Orb weavers are a broad family of spiders found throughout the United States and Canada. The orb weaver is known for the large, majestic web it weaves. These webs are commonly found on tree branches, in tall grass, bushes, and around light fixtures. They are often found where abundant food sources are available (in your yard or garden, near lights that are on at night, etc.).
Most orb weavers appear in the spring when their eggs hatch, but they aren’t really noticed until late summer and fall (when the males go out in search of their mates). Female orb weavers hang out in their webs, eating and waiting on a male to come find them. Males are always on the move, rarely building webs, searching for a partner. At the end of fall, females will lay their eggs and then die during the first frost. Males typically die after mating. Because of their structure, orb weaver eggs can survive the cold weather of winter. When the weather warms up in the spring, the eggs hatch, releasing a new brood of orb weaver babies.
These spiders are known to be docile and non-aggressive. They rarely bite and aren’t considered dangerous to humans or pets. In fact, they can be beneficial to have around as they trap and eat other pests that can infest your home.
Prevention is unnecessary with orb weavers unless their web is built in an inconvenient location or a location with high human traffic. They cause no structural damage. You can lessen your chances of encountering orb weavers by:
- Removing their food sources by keeping other pest populations under control around your home
- Sealing any cracks, gaps, and crevices in your home’s exterior
- Removing ground litter
- Trimming grass and bushes
If you have a problem with orb weavers or any other pests, contact your local pest control company.
You May Also Be Interested In:
Common Winter Wildlife to Lookout For
How To Identify A Water Moccasin
Keep Ants Out of Your Home this Spring
Is Green Mosquito Treatment Effective?
How to Manage Your Lawn & Prevent Lawn Diseases
Spiders are considered year-round pests, but they seem to come out in full force during the summer months. Some common spiders you may encounter this summer include wolf spiders, orb weavers, garden spiders, house spiders, brown recluse spiders, and black widow spiders. While most of these are harmless, brown recluses and black widows can be dangerous to humans with their venomous bites.
The spiders you see in the summer most likely aren’t just now making their way into your home; there’s a good chance they’ve already been hiding out inside for a while. They will commonly emerge in large numbers in the summer for two main reasons:
- It’s mating season for male spiders
- It’s peak season for most of their food sources (mosquitoes, flies, ants)
Seeing a spider here and there inside your home is usually nothing to worry about; they can sneak in through open windows, doors, etc. Seeing them in large numbers, however, can indicate a much bigger problem. Spider infestations can be the result of:
- Weather. Summer weather is ideal for spiders with warm temperatures, adequate shelter, etc. If the weather gets too hot, spiders will seek relief, often inside your home. The same thing applies if the summer is overly dry or overly wet. Your home provides the perfect place to hide out until conditions outdoors improve.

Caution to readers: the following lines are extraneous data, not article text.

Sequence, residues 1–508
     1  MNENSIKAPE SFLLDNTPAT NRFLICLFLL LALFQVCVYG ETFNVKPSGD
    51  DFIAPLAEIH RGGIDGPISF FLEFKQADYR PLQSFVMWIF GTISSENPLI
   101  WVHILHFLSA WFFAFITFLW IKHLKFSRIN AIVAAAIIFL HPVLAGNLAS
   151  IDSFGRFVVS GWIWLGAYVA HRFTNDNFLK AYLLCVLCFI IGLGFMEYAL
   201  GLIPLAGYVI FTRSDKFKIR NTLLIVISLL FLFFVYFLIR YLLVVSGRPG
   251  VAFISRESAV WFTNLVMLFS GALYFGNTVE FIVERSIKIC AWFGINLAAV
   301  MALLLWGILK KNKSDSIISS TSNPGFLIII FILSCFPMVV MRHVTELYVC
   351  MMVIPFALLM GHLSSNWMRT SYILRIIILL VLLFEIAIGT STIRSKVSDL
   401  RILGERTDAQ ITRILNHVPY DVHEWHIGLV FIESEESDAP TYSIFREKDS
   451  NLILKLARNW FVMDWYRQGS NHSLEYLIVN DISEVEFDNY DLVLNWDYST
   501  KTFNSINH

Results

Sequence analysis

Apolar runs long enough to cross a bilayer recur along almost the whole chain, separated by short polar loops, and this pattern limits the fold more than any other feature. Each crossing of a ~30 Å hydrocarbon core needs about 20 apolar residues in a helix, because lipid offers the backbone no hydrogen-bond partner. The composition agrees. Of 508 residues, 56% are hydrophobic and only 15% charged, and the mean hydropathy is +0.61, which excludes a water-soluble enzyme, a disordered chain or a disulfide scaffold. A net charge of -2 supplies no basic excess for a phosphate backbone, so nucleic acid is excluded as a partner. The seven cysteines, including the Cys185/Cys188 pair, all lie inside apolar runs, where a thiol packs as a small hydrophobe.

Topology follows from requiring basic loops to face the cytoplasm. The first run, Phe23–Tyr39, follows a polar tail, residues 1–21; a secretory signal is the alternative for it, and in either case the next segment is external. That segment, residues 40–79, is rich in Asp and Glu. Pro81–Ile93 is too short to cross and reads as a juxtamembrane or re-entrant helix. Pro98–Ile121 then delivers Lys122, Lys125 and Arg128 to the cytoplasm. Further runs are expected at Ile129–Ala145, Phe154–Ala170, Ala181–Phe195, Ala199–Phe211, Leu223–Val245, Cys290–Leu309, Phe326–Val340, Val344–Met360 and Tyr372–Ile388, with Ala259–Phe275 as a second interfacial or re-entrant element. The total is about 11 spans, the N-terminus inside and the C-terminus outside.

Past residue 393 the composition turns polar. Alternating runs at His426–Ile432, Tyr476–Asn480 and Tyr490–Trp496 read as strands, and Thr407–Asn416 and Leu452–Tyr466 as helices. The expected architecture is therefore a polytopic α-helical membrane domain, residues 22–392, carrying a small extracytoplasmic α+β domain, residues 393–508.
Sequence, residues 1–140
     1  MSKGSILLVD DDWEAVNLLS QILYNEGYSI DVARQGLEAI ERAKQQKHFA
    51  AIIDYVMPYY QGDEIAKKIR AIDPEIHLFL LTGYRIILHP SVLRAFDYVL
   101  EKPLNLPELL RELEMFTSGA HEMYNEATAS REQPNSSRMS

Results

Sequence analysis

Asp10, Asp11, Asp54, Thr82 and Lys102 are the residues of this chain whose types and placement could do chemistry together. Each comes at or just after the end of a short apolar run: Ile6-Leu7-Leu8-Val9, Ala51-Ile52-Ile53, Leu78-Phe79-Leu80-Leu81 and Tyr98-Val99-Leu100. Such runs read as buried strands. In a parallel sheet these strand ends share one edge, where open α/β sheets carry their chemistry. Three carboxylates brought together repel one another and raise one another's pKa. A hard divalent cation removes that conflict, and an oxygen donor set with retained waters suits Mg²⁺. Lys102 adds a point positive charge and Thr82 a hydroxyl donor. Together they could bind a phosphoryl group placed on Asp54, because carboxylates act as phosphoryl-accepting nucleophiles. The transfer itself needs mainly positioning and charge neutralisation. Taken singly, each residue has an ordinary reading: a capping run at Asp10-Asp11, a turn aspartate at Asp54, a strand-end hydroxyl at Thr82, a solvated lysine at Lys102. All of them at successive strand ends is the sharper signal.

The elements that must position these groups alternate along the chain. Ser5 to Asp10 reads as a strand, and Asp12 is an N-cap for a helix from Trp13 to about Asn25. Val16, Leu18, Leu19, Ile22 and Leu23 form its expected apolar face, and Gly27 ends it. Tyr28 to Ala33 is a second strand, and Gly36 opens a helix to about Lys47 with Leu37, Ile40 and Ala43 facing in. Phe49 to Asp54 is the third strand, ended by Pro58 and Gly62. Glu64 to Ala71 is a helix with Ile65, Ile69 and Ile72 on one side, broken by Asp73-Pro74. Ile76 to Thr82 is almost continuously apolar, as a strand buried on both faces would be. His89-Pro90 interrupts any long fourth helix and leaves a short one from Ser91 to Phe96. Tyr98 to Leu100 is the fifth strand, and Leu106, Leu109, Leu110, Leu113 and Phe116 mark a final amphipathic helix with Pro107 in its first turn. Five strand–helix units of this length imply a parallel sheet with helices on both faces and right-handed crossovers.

- Food. If food sources outdoors become scarce (due to weather or consistent pest control around your home), spiders may make their way indoors on their search for nutrition. Conversely, if you have an infestation of other household pests that spiders like to eat, they will also come inside to take advantage of the all-you-can-eat buffet.
- Water. Spiders must have water to survive. If outdoor water sources dry up (due to drought, etc.), they will go in search of hydration indoors.
Having a spider infestation in your home can leave you with webs everywhere, the risk of spider bites that can be painful and potentially dangerous, and the possibility of other pest infestations, as well. You can keep spiders out by:
- Eliminating Entry Points. Spiders can access your home through the smallest cracks and crevices. Use weatherstripping around doors and windows and make sure it is kept in good repair. Caulk or seal any gaps, holes, and openings. Use screens on doors and windows and make sure they stay in good repair, as well.
- Eliminating Hiding Places. Spiders prefer dark, undisturbed places to hide out (corners, cabinets, closets, storage containers, piles of paper or cardboard, and cluttered areas). Declutter your home and get rid of any old papers, magazines, newspapers, and boxes. Shake out anything you haven’t used in a while before using it. Vacuum and dust regularly, especially rooms and areas that you don’t use often. Outside, trim overgrown bushes, hedges, and trees. Keep grass mowed short and mow regularly. Get rid of trash and debris in your yard that spiders can use for shelter. Store firewood and lumber away from your home.
- Eliminating Food Sources. Spiders eat other pests. Maintain routine pest control in and around your home with a professional pest control company. Eliminating other pests mean spiders will look for food elsewhere.
If you have a problem with spiders, contact your local pest control company for a thorough inspection and treatment plan.
You May Also Be Interested In:
Keep Cool This Summer
What Are Red Bugs?
Controlling Birds During the Summer Months
Summer Wildlife Removal: Common Home Invaders
Don’t Let The Bed Bugs Bite!